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Sex and Pornography as Media Content: Feminist Perspectives

Jane Arthurs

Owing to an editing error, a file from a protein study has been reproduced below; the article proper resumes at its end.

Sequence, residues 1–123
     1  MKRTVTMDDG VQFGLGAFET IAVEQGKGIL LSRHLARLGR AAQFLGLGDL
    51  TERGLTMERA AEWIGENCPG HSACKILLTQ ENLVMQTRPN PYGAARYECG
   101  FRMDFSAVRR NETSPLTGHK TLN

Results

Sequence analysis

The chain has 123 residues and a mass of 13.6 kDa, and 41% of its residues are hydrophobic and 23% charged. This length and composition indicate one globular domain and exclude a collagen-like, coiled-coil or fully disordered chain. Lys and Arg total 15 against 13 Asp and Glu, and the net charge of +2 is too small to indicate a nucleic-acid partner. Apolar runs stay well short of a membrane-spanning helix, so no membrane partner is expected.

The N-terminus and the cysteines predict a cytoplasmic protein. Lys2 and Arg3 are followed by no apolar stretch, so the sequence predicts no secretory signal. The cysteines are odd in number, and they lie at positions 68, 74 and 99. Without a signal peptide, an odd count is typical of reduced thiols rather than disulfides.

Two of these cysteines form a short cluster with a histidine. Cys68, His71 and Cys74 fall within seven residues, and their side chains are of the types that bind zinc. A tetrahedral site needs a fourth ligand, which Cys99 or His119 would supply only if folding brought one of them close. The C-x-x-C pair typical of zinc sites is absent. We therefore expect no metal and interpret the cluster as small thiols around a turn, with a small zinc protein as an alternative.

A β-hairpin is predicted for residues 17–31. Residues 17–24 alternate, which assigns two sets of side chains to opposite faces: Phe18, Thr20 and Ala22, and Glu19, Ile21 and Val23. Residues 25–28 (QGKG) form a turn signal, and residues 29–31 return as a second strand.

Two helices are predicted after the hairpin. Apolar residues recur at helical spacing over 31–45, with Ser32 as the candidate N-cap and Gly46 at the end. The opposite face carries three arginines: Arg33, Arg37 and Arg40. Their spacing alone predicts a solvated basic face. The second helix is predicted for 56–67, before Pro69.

The ubiquity of sexualized images and narratives across all media forms signals the importance of this topic for research and analysis. In mainstream communications research in the US it has been located in the → “ Media Effects ” tradition, where the emphasis has been on the moral risks of explicit sexual content to “family values” ( Gunter 2002 ). This research uses content analysis, which relies on attaching predefined codings of →  meaning to large datasets of, mainly, television content, to measure the number of sexual incidents portrayed, and the kind of values they promote (→  Content Analysis, Quantitative ). Often funded by pressure groups such as the Kaiser Family Foundation, the aim of this research is to influence media policy on censorship and controls over children's access to sexual content. The worry is that young people will be influenced to engage in premature sexual activity outside of marriage without heed to the attendant risks. In feminist scholarship, on the other hand, there has been a different agenda. Here the initial emphasis was on the ideological reproduction of patriarchal power relations through the cultural preoccupation with women's sexuality. Most feminist research uses qualitative analysis of a few exemplary texts, to reveal the ideological work that they perform, such as the degree to which textual pleasure is predicated on women's subjection ... log in or subscribe to read full text

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